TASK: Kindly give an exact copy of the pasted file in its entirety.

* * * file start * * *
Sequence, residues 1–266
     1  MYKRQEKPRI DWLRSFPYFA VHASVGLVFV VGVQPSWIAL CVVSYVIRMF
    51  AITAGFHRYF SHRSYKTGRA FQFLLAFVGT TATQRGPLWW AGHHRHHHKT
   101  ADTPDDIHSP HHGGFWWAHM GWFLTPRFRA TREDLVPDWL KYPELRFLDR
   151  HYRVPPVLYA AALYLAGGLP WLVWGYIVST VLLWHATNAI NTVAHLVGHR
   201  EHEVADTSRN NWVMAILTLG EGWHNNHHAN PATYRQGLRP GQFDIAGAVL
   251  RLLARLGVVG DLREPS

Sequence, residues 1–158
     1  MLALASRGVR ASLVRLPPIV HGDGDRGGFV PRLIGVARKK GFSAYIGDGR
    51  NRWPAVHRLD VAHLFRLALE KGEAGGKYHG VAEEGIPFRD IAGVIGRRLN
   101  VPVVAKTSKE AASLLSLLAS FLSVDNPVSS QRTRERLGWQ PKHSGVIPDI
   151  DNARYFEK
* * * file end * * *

Sequence, residues 1–266
     1  MYKRQEKPRI DWLRSFPYFA VHASVGLVFV VGVQPSWIAL CVVSYVIRMF
    51  AITAGFHRYF SHRSYKTGRA FQFLLAFVGT TATQRGPLWW AGHHRHHHKT
   101  ADTPDDIHSP HHGGFWWAHM GWFLTPRFRA TREDLVPDWL KYPELRFLDR
   151  HYRVPPVLYA AALYLAGGLP WLVWGYIVST VLLWHATNAI NTVAHLVGHR
   201  EHEVADTSRN NWVMAILTLG EGWHNNHHAN PATYRQGLRP GQFDIAGAVL
   251  RLLARLGVVG DLREPS

Sequence, residues 1–158
     1  MLALASRGVR ASLVRLPPIV HGDGDRGGFV PRLIGVARKK GFSAYIGDGR
    51  NRWPAVHRLD VAHLFRLALE KGEAGGKYHG VAEEGIPFRD IAGVIGRRLN
   101  VPVVAKTSKE AASLLSLLAS FLSVDNPVSS QRTRERLGWQ PKHSGVIPDI
   151  DNARYFEK